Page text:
I would be remiss not to mention the onus on our musicians to help expand the Black audience. To touch on the woman’s perspective, I cannot tell you how many times I’ve walked into a jazz venue, and had to check a nearby mirror to see if I had grown nine more heads from the looks on the faces of the typical jazz audience. That I am viewed as the odd woman out (Black and female) for embracing and enjoying my own culture says a whole lot about the state of the jazz audience. Additionally, to be able to bet that most of the musicians I am watching won’t be leaving with Black women that night says its own mouthful. We are all human beings, with a right to choose to date whomever we please, but we cannot expect to grow our audience, and run from our women. Period. I am exhausted of the “Black women don’t come to the club” thing. Blame is a dangerous and historical tool that we are unfortunately still falling for, instead of looking at the real issues on the table. We have to stop blaming our women for not supporting the music, especially when so many Black male musicians of my generation stumbled into this music themselves. (That one uncle you had who played Ramsey Lewis albums, or that high school band director who hipped you to Bud Powell.) Now all of a sudden we are so cultured that we are above affording a Black woman that same opportunity to happenstance-ly discover a piece of her heritage? White women should be as rewarded for being more “cultured” than Black women, as Black women should be blamed for being robbed of her culture. Black women have been relentlessly disinvited from the jazz community at large (let’s reflect on Miles Davis’ Someday My Prince Will Come album cover). We have to want to see our women in the clubs, and do what is necessary to make that happen. Is it a little extra work? Sure. But that’s called being Black in America. We have always had to be vigilant about education from the days of slavery, and we still do today. We have to remain vigilant.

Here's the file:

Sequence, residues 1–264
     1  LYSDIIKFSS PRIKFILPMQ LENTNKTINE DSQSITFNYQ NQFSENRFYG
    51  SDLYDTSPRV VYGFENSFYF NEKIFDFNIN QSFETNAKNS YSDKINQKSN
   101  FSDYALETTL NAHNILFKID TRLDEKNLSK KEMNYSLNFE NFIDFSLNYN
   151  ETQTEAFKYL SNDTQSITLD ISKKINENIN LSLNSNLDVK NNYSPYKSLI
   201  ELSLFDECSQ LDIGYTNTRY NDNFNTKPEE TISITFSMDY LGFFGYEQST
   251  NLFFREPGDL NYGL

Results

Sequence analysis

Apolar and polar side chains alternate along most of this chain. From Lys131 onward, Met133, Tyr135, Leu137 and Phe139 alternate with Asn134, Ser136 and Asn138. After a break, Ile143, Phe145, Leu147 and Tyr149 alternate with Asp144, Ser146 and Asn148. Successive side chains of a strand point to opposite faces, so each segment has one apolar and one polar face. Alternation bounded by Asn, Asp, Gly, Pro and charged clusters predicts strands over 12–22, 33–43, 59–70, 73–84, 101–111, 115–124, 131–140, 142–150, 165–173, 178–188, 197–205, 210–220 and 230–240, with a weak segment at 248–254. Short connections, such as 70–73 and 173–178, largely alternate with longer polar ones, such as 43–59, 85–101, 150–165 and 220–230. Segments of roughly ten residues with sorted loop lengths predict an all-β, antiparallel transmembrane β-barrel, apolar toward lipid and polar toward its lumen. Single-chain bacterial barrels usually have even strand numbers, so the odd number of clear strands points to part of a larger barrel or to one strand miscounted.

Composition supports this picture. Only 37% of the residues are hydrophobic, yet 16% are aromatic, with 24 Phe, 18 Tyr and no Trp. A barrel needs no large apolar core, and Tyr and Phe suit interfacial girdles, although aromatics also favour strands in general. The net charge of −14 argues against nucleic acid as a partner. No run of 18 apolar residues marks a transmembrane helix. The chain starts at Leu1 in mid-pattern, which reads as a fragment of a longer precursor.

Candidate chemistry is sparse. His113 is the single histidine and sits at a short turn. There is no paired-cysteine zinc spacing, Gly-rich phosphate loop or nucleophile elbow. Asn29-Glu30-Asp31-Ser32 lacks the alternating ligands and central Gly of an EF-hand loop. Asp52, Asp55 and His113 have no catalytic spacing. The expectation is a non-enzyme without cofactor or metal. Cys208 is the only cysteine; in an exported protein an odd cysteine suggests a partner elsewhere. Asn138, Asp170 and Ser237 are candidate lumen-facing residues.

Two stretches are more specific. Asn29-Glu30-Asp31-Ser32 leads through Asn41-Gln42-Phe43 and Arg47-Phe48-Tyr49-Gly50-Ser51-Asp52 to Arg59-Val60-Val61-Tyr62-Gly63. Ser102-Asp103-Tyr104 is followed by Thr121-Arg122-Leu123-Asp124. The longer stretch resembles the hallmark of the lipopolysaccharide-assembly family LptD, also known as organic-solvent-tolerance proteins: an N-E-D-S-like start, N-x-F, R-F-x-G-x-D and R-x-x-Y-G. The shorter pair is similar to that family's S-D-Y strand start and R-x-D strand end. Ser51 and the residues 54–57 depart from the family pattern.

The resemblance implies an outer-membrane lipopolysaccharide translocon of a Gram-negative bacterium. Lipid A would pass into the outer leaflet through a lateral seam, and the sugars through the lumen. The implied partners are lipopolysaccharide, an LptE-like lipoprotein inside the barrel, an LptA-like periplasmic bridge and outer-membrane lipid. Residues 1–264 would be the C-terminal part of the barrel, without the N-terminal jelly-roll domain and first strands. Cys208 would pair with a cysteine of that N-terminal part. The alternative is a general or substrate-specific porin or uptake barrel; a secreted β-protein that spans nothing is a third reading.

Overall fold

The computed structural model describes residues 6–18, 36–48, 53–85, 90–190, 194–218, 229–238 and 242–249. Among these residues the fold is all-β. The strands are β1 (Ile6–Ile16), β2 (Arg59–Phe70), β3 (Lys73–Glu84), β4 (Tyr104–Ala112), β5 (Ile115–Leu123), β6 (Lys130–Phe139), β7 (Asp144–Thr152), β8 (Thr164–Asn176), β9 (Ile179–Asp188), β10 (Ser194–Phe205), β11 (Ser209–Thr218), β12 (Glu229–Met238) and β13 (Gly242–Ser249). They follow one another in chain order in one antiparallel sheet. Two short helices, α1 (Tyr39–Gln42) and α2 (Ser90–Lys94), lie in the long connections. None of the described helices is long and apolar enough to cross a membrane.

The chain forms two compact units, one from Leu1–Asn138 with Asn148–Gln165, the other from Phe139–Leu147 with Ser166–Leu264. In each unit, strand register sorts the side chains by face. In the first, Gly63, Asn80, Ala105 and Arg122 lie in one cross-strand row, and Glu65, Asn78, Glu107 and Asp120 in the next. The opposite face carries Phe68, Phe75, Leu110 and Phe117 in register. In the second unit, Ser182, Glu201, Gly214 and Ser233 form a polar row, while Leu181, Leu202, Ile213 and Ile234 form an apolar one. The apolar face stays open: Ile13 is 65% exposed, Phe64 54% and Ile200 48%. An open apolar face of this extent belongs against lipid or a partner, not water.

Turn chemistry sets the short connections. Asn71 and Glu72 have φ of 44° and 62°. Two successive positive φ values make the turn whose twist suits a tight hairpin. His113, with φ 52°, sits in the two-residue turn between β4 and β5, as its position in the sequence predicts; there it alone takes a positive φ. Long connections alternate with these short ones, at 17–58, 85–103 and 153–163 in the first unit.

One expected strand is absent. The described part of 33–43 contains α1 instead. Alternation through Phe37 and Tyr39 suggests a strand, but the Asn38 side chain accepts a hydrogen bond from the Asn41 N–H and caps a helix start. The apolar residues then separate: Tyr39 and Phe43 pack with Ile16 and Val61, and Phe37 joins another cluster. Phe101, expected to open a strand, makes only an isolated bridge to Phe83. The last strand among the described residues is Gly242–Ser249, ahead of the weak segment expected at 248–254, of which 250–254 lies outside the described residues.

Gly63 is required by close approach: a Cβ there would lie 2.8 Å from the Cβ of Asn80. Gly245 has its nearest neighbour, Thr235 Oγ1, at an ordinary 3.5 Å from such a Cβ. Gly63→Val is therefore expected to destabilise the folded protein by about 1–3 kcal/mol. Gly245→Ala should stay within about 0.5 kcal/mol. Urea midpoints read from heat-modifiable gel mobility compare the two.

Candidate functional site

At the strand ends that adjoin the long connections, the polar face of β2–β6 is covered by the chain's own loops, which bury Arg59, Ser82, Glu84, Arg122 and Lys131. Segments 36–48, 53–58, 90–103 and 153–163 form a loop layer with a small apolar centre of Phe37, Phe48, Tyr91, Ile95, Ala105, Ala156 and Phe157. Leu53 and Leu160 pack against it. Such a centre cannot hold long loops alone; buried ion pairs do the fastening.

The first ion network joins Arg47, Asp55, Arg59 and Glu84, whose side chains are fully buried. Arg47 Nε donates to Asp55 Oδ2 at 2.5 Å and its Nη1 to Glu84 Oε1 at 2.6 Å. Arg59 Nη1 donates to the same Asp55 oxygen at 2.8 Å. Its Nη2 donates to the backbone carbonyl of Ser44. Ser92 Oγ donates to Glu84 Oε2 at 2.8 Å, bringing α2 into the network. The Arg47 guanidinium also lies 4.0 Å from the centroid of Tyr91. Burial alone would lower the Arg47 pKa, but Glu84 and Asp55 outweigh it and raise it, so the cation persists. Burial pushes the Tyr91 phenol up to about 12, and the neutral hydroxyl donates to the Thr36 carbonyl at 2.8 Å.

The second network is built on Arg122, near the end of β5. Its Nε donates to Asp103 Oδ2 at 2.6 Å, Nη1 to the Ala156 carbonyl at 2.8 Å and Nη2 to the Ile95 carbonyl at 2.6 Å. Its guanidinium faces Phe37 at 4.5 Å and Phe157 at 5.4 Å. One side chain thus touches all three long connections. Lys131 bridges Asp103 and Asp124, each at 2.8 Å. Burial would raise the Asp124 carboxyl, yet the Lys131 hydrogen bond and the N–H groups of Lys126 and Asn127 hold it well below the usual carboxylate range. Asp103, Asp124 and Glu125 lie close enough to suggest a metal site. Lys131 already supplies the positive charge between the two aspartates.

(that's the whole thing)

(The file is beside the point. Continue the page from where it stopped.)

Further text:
Cultural disconnect is one of the saddest things to witness, and there are so many dynamics to consider when it comes to rectifying it. Namely, purists versus non-purists (whatever that really means). That’s a discussion for another post, I suppose, but it is a big part of the overall audience problem. We have to be willing to allow a bridging of the gap, however a musician deems artistically necessary, if we are ever going to see a Black audience develop. We don’t have to love all of it, but again, we cannot blame and condemn musicians for their artistic choices. Goodness knows this goes against the very philosophy of what jazz is. It has always been cutting-edge, and brave. We have to allow this tradition to continue, less we compromise the art and further ostracize the audience.

That’s all for now. Thank you again, Willard, for the opportunity to talk to your readership about this very important topic.

NEXT TIME: Greg Osby meditates on issues related to the audience in general… Stay tuned!

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2 Responses to Another voice in the black audience dialogue: Angelika Beener

  1. Great article. As a young black woman, I feel your pain even as I lived and grew up in the culture and was looked at a little funny in certain clubs until they found out I can sing.

  2. April Grier says:

    Wow, thank you Angelika for so eloquently bringing this issue to everyone’s attention.